Reason, Rome, and Randy

Reason, Rome, and Randy

Photo Credit: University of St. Michael’s College

Personal testimonies from members of USMC’s Gilson Seminar in Faith and Ideas

Jonas Cardenas, Isabel Padolina, Joseph Pontisso, and Sophie Rohrer, Contributors

In recent weeks, members past and present of the Gilson Seminar in Faith and Ideas (Gilson) learned that the class would not be running next year. For the past six years, Gilson has been a seminar course for first-year students at the University of St. Michael’s College (USMC) that asks serious questions of how faith, in concert with reason, is exercised and understood in daily life, in the sciences and humanities, and in public affairs. Taught by Professor (and former USMC principal) Randy Boyagoda, along with two postdoctoral fellows, it draws from a rich collection of works connected by the broad concept of the Catholic Intellectual Tradition. It also features a travel component, in which students spend approximately two weeks in Rome as part of the course. What good is a course like Gilson within a historically Catholic college, let alone a large secular university? The testimonies of two “Gilsonians” (one who took the class a few years ago, and one in this year’s class) are given here as answers to this question. This is what Gilson means to them, what it has given them, and what the seminar still promises for the future, despite its recent discontinuation.

Isabel, Gilson 3 (2019–20): How do you write about something that has meant so much to you, to the point that words fall short? Gilson is one such thing. It was more than a class or an experience; it was life changing.

One of the main attractions to Gilson is the trip to Rome, and after two years of waiting due to COVID-19, I was able to go with my class in my third year. I had always wanted to go to Rome, and since the material would be related to the Toronto course from first-year, I had high hopes. It was as if everything I had studied came together on that trip. We discussed topics like art and science, and then saw them in person. It was more than simply learning in Rome — one can learn anywhere. But to be immersed in what you are studying? That is something else. That, for me, was a testament to the fact that courses like Gilson are essential to a university. Professor Boyagoda fostered a desire to dig deeper to find the truth and the faith in subjects where some might not see a connection to faith right away. We saw the direct influence that Christianity has had (and still has) on science, art, architecture, and more.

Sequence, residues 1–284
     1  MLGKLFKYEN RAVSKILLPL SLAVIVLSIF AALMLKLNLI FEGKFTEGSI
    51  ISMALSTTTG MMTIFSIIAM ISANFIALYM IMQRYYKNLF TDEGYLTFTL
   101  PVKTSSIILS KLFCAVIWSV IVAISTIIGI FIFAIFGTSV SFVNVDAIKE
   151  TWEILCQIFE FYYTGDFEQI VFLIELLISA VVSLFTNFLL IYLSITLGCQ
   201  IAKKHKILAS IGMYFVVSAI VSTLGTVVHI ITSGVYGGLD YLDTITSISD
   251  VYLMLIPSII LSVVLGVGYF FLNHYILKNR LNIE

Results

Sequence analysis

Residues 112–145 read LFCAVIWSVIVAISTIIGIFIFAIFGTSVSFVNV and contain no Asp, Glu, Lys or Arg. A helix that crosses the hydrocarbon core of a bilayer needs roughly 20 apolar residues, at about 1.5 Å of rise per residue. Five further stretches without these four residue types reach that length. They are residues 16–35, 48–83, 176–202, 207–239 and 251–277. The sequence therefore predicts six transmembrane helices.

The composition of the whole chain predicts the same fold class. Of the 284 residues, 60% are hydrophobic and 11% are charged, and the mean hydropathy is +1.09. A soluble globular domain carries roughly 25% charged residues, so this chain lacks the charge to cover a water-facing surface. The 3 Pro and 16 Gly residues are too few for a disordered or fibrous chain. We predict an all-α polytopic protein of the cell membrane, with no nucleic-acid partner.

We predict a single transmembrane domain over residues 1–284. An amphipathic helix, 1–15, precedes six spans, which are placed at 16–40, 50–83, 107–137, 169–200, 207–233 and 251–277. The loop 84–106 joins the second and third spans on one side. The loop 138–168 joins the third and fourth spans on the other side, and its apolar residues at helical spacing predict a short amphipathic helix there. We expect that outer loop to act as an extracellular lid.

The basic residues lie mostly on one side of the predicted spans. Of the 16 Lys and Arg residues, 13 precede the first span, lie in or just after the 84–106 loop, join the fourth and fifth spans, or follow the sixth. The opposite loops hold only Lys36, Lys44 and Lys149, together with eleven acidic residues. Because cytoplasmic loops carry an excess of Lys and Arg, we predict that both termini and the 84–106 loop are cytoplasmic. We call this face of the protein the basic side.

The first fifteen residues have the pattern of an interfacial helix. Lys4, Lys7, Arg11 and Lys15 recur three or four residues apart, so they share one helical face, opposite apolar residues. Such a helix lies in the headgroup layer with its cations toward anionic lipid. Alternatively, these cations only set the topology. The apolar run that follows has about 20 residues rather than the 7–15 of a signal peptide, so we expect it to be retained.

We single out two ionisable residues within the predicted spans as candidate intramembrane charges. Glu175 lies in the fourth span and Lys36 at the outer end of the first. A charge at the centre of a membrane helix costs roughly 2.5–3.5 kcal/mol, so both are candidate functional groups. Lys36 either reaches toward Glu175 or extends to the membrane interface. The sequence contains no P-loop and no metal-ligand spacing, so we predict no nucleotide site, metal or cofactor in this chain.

But I never expected to come out with so much more than knowledge. In talking to past and present Gilsonians and even those who heard about Gilson indirectly, they all said the same thing: Professor Boyagoda created a family. Being a Gilsonian means that you are part of something special, and once a fellow Gilsonian knows you are part of Gilson, it expands that family. Gilson is the bridge connecting people and subjects from various backgrounds to one common goal: a desire for truth.

Joseph, Gilson 6 (2022–23): I can barely believe that I am scheduled to go to Rome in less than two months! I had hoped to be part of Gilson since I first heard of the seminar, all the way back when I started high school. The stories I have heard from my older peers — the experiences, inspirations, and antics of past members — have built up the anticipation in a way only a seminar such as Gilson can. The amazing thing is that I have complete confidence that the remainder of the seminar (and my trip to Rome) will meet my already-high expectations. Having already been part of many wonderful experiences with my current Gilson classmates, I have no doubt that the future will hold many more.

One of the things that has struck me about the seminar is the way first-year students, like me, have been able to engage in such positive and productive discussions. Such discussions often take place under the supportive eyes of our professor and TAs — Thomas and Robin — but they also happen outside of class, of our own initiative. Although Professor Boyagoda often says that an intellectual is “one who is willing and capable of unnecessary thought,” I have a strong sense that what we do in Gilson (Faith and Ideas) is truly important, and I have a genuine desire to engage the many concepts tied to Faith and Ideas. I see this sentiment expressed by my Gilson peers as well. As I look forward to the endless possibilities that ten days in Rome can provide, I hope that others in the future can have the same sorts of experiences: both of travel and of positive engagement with Faith and Ideas.

Another Gilsonian simply quoted the late Chadwick Boseman: “An offering from a sage and a king is more than silver and gold. It is a seed of hope, a bud of faith.” Drs. Boyagoda, Guthrie, Pinkoski, and Çiftçi, along with Robin, Thomas, Mike, Natalie, Sam, and all the friends and mentors who have taught and accompanied us in our time in this university, have gifted us precisely these things.